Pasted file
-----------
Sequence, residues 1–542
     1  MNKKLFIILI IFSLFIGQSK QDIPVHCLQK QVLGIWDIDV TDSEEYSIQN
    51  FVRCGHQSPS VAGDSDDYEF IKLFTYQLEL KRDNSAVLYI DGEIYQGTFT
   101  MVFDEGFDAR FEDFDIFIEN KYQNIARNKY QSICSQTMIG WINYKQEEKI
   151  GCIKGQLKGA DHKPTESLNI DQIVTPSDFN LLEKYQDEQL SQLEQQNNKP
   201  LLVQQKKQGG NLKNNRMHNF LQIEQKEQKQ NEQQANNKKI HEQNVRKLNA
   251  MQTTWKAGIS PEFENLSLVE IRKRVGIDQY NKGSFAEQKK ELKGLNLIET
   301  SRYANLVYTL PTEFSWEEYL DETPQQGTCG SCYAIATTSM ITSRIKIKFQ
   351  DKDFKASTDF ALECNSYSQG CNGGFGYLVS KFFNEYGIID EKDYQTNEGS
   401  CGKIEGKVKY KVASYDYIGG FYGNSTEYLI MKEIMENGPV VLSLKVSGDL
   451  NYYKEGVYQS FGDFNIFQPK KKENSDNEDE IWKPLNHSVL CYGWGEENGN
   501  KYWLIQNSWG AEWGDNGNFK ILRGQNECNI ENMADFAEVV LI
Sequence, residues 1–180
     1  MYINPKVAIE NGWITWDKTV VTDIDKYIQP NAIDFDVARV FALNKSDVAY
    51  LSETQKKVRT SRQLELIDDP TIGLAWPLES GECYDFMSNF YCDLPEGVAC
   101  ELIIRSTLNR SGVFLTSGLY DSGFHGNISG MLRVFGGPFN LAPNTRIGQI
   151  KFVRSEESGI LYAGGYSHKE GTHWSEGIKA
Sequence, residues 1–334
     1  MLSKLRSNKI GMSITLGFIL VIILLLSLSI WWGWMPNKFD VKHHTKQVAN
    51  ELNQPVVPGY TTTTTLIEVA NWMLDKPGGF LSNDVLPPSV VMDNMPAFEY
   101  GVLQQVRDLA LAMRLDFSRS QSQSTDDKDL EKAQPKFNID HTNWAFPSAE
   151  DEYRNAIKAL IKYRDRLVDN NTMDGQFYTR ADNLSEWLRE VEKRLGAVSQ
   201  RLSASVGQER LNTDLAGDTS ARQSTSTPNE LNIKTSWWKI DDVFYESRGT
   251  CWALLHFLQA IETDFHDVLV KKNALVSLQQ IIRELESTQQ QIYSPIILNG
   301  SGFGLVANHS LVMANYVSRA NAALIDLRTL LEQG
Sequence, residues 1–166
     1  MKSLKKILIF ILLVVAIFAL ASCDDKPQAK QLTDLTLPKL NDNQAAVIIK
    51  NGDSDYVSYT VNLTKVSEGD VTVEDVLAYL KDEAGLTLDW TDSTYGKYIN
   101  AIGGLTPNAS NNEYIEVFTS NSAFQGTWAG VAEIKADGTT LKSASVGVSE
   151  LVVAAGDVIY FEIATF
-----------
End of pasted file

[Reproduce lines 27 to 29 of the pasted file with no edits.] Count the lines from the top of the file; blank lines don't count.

     1  MKSLKKILIF ILLVVAIFAL ASCDDKPQAK QLTDLTLPKL NDNQAAVIIK
    51  NGDSDYVSYT VNLTKVSEGD VTVEDVLAYL KDEAGLTLDW TDSTYGKYIN
   101  AIGGLTPNAS NNEYIEVFTS NSAFQGTWAG VAEIKADGTT LKSASVGVSE